Moonshine

Planners playing games

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My application is still in planning!¬†ūü§®

 

Crossing licence granted.

 

Building regs submitted Wednesday night, spoke to the allocated BCO this morning, they have already looked over the plans, they don't see any major issues and likely to grant permission end of next week subject to me sending them SAP and structural info today.

 

Worlds apart between planning and BC!

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A delay like that will bankrupt me. Planning is collapsed around here, I paid £400 for a pre app in January which I did over zoom and still haven’t had the results back. Now I’m going to build my original scheme and apply for an extension on one end of it because I know planning will Never approve what I really want before my bridging runs out.

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I recently applied for a NMA and was amazed to get the decision (approval) just 10 working days later. Now considering submitting another NMA to get the ridiculous dummy chimneys removed (I'm buying the plot with existing FPP) but at £245 every time it's a gamble.

 

I also have to apply for a dropped kerb and to move a bus stop sign which is in the way of the new access. 

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1 hour ago, shuff27 said:

I recently applied for a NMA and was amazed to get the decision (approval) just 10 working days later. Now considering submitting another NMA to get the ridiculous dummy chimneys removed (I'm buying the plot with existing FPP) but at £245 every time it's a gamble.

 

I also have to apply for a dropped kerb and to move a bus stop sign which is in the way of the new access. 


*apparently* I can use a section 96 notice or something?

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1 hour ago, shuff27 said:

bus stop sign which is in the way of the new access.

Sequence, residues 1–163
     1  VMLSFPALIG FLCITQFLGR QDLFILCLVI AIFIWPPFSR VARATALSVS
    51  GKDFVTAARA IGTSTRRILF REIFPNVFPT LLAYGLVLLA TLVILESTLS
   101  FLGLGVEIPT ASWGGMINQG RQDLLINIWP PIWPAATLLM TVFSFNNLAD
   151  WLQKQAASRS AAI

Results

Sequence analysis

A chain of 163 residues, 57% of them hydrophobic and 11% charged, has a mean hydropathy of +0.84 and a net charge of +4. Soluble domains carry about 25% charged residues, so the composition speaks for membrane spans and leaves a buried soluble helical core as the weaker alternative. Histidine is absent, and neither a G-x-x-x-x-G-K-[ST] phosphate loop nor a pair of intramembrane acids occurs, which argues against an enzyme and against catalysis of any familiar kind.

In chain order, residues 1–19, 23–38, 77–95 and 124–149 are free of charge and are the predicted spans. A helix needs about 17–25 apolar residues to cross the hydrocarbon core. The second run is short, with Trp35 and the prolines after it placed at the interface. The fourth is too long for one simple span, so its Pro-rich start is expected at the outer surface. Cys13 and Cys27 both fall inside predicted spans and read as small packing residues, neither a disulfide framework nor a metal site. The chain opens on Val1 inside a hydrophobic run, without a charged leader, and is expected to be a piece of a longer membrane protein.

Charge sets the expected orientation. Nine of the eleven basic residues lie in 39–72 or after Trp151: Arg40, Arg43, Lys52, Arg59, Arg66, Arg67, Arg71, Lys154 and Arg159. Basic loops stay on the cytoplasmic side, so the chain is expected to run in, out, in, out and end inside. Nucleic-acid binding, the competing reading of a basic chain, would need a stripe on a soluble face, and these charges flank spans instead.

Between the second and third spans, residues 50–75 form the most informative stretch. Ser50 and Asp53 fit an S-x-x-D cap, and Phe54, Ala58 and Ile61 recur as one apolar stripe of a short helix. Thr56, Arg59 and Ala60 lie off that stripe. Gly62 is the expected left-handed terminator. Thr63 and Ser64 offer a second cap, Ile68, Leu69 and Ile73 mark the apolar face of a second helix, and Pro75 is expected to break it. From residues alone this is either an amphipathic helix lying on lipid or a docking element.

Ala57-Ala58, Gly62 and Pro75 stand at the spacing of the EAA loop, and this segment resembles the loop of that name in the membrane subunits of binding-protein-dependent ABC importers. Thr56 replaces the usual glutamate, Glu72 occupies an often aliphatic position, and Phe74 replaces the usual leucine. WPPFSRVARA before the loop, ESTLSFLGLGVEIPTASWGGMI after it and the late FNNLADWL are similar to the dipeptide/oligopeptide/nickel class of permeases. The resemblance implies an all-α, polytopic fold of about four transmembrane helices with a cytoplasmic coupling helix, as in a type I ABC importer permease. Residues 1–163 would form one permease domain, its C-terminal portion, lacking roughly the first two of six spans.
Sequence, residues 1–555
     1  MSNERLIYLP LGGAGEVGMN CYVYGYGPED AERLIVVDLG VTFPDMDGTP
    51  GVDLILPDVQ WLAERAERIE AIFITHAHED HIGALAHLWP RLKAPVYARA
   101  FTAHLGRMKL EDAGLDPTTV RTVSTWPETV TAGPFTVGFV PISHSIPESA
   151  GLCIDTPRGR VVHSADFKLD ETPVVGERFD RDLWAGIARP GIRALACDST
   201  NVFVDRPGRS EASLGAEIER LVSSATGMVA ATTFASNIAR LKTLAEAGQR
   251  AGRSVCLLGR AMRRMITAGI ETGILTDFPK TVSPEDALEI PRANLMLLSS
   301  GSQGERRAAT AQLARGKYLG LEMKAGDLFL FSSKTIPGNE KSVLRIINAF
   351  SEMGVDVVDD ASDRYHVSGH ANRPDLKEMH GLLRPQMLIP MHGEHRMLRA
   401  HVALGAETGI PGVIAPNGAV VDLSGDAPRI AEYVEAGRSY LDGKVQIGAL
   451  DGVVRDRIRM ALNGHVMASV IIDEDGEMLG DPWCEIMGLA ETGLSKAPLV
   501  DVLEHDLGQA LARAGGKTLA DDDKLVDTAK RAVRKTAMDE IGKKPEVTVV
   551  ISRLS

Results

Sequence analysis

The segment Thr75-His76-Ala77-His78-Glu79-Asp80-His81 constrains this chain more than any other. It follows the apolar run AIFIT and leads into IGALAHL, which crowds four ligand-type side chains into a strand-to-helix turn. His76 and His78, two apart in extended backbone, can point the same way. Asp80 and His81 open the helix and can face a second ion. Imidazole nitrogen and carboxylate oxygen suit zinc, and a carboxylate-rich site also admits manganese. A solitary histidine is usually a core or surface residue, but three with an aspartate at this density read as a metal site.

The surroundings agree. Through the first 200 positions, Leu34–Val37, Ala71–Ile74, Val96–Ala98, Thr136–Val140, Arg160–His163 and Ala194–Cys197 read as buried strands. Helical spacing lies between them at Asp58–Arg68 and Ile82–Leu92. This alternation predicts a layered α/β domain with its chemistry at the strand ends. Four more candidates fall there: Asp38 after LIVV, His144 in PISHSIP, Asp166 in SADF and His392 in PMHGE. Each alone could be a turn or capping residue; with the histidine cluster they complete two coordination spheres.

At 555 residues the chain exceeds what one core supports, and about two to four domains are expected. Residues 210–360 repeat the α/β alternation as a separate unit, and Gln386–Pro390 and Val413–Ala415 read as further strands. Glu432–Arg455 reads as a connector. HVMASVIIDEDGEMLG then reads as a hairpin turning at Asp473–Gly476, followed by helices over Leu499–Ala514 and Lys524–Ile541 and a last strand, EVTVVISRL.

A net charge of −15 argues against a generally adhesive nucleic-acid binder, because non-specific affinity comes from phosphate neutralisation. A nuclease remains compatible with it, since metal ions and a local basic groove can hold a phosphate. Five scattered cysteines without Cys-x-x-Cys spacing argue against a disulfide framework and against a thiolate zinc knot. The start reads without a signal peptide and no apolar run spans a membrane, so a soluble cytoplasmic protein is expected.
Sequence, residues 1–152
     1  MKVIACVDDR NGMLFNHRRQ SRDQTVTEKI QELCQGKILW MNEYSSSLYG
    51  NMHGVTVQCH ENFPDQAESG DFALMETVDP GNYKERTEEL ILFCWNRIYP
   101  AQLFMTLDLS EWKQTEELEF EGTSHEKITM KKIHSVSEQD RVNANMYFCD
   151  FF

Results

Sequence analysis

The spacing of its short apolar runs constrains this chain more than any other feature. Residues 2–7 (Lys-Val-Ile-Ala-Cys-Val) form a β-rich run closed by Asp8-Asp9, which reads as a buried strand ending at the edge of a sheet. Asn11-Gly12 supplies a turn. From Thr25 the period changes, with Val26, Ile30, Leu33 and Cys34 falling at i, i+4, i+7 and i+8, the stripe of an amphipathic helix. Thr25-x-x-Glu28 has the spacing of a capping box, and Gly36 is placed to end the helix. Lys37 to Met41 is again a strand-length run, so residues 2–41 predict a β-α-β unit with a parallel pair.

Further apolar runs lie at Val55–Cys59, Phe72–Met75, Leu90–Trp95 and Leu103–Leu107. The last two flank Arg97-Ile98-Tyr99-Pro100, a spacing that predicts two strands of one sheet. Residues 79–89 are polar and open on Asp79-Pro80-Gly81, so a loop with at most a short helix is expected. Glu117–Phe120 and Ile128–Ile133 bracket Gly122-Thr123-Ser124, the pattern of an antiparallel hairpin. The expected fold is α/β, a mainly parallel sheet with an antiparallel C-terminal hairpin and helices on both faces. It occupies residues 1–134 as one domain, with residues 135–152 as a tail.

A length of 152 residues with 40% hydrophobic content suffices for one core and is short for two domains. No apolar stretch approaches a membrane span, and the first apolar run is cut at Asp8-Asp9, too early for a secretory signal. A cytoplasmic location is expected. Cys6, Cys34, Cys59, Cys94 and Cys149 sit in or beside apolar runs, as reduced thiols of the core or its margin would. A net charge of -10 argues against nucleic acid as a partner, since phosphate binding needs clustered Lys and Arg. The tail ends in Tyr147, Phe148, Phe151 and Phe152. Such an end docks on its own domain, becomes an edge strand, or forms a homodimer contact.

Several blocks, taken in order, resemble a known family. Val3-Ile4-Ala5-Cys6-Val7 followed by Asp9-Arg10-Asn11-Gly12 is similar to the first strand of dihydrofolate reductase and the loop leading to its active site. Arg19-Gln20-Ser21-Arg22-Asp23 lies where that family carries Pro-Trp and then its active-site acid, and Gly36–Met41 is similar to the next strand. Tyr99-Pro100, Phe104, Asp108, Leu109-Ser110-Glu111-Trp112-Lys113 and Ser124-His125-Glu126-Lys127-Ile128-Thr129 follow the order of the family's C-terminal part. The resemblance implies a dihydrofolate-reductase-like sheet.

I think somebody else here tried to move a bus stop and found out that although they are only a sign the invisible red tape was difficult to break.

 

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48 minutes ago, MikeSharp01 said:

I think somebody else here tried to move a bus stop and found out that although they are only a sign the invisible red tape was difficult to break.

 

I've considered that so I'm applying to move it even before I've actually completed the plot purchase. It's a small sign on a post, buried in concrete in the grass verge, already leaning over so I'm hoping the parish council will look positively at my offer to move it securely before it 'falls over' ūüėČ.¬†

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re

2 hours ago, shuff27 said:

NMA to get the ridiculous dummy chimneys removed (I'm buying the plot with existing FPP) 

 

 

 

In my experience, (suggesting that all fake chimneys be removed from a 40 house development proposal) planning officers had not previously questioned that fake chimneys were a silly idea, but were then happy to consider the subject.

You can help them in their decision.

 

Architectural  taste.....how can the use of a plastic, pretend chimney be of any artistic or historic merit? 

(I particularly dislike that you can see the same brick pattern in every one.)

 

Sustainabilty....a useless and pointless piece of plastic, plus additional framing.  (wasting  a lot of carbon)

 

Design integrity.....the useless thing requires a hole in the roof , then flashings, and so increases the chance of leaks.

The fake chimney has weight, but onto a normal area of roof, and catches the wind, so there is a considerable chance of it moving and leaking into the void below it.